• 45.
    Tanner, Marie
    et al.
    Karlstad University, Faculty of Arts and Social Sciences (starting 2013), Department of Educational Studies. Karlstad University, Faculty of Arts and Social Sciences (starting 2013), Center for Language and Literature in Education.
    Sahlström, Fritjof
    Helsingfors universitet.
    Same and different.: Epistemic topicalizations as resources for cohesion and change.2014Conference paper (Refereed)
    Abstract [en]

    In this presentation, we take an interest in how teaching and learning as social actions have to be actively accomplished in interactions between teachers and students in the institutional setting of the classroom. More precisely, we focus on the practices relied upon by teachers and students for coming to situated agreement of the level of student learning, and for adjusting teaching and instruction in individual deskwork to these changing understandings, both within teaching instances and in subsequent situations occurring over longer periods of time.

    Within CA, there is a growing interest in the ubiquitous role that issues related to knowledge have in the interactive organization of human sociality. This interest has brought new insights about the diverse ways in which epistemic stance is utilized as a resource in interaction  (c.f. Stivers, Mondada, & Steensig, 2011; Heritage, 2012b; 2012a; Goodwin, 2013; Koole, 2012). The focus on epistemics is at the core of a growing body of research on learning that within a CA framing explores new ways of conceptualizing learning as changed participation in interaction (Martin, 2004; Melander, 2009; Lee, 2010; Sahlström, 2011; Seedhouse, Walsh, & Jenks, 2010). Drawing on these and other studies on learning from a participationist perspective (Lave & Wenger, 1991; Sfard, 1998), the paper takes a view on learning as a social action; as something people are literally doing, accomplished in part through changes in epistemic stance. The issue of cross-situational relevance has proved to be a challenge for CA studies. Here, we explore how participants orient to learning processes across situations, by relying on epistemic topicalizations as resources for the shaping of cohesive learning trajectories.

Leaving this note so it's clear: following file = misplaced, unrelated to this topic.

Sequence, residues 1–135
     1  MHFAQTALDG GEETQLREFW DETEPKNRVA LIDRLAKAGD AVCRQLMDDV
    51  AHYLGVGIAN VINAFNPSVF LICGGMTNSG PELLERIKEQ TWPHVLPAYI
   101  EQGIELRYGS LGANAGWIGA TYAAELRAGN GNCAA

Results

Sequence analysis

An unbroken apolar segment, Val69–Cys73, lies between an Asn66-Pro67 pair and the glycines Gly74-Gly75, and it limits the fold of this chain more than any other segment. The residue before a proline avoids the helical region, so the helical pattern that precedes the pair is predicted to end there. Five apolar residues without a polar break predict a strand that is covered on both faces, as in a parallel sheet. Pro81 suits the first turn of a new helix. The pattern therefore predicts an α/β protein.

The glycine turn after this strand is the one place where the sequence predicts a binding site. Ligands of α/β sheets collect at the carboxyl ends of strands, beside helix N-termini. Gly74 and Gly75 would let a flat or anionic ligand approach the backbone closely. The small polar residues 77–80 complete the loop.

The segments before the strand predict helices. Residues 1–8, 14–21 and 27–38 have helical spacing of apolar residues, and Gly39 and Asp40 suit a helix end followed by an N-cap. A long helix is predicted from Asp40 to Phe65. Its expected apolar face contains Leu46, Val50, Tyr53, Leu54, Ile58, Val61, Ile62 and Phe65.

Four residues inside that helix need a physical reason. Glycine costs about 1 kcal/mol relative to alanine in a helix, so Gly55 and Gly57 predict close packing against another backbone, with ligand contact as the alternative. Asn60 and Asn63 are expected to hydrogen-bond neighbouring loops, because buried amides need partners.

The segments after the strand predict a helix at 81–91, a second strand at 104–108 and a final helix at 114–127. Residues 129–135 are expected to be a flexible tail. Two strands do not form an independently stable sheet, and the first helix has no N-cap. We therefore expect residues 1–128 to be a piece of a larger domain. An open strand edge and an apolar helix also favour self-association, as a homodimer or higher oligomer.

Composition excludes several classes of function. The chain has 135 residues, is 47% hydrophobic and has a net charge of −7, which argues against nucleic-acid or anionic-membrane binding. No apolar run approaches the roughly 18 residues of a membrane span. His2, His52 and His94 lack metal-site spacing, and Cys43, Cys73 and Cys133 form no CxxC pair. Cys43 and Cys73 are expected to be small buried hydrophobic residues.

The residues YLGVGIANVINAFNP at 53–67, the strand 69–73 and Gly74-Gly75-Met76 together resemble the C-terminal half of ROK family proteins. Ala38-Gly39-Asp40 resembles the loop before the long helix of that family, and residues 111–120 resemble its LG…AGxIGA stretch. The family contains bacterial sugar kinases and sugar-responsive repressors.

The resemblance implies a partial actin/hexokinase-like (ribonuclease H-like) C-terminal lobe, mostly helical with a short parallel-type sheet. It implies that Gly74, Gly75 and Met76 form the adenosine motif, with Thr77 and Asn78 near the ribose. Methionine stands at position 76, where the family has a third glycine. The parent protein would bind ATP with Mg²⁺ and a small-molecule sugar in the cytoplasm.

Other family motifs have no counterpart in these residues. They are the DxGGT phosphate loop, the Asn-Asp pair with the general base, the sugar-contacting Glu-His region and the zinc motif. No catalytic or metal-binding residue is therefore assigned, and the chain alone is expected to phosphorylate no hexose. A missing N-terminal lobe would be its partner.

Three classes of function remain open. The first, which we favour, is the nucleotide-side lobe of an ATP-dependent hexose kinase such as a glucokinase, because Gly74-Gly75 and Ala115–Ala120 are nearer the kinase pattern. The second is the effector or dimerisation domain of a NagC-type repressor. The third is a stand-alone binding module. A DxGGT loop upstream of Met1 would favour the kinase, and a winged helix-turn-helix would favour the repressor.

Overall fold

The analyzed material consists of data from a larger classroom video-ethnography on learning in literacy practices during the middle years, i.e. students aged 10 to 12 year in two Swedish schools.  Within this material, trajectories of learning in desk-interactions between teachers and students when students work individually while the teacher moves around in the classroom to supervise and support their work have been traced. We analyze how the verbal and non-verbal resources (Goodwin 2007; 2013) for epistemic topicalizations used by teachers and students come to construct the interaction as oriented to learning and change.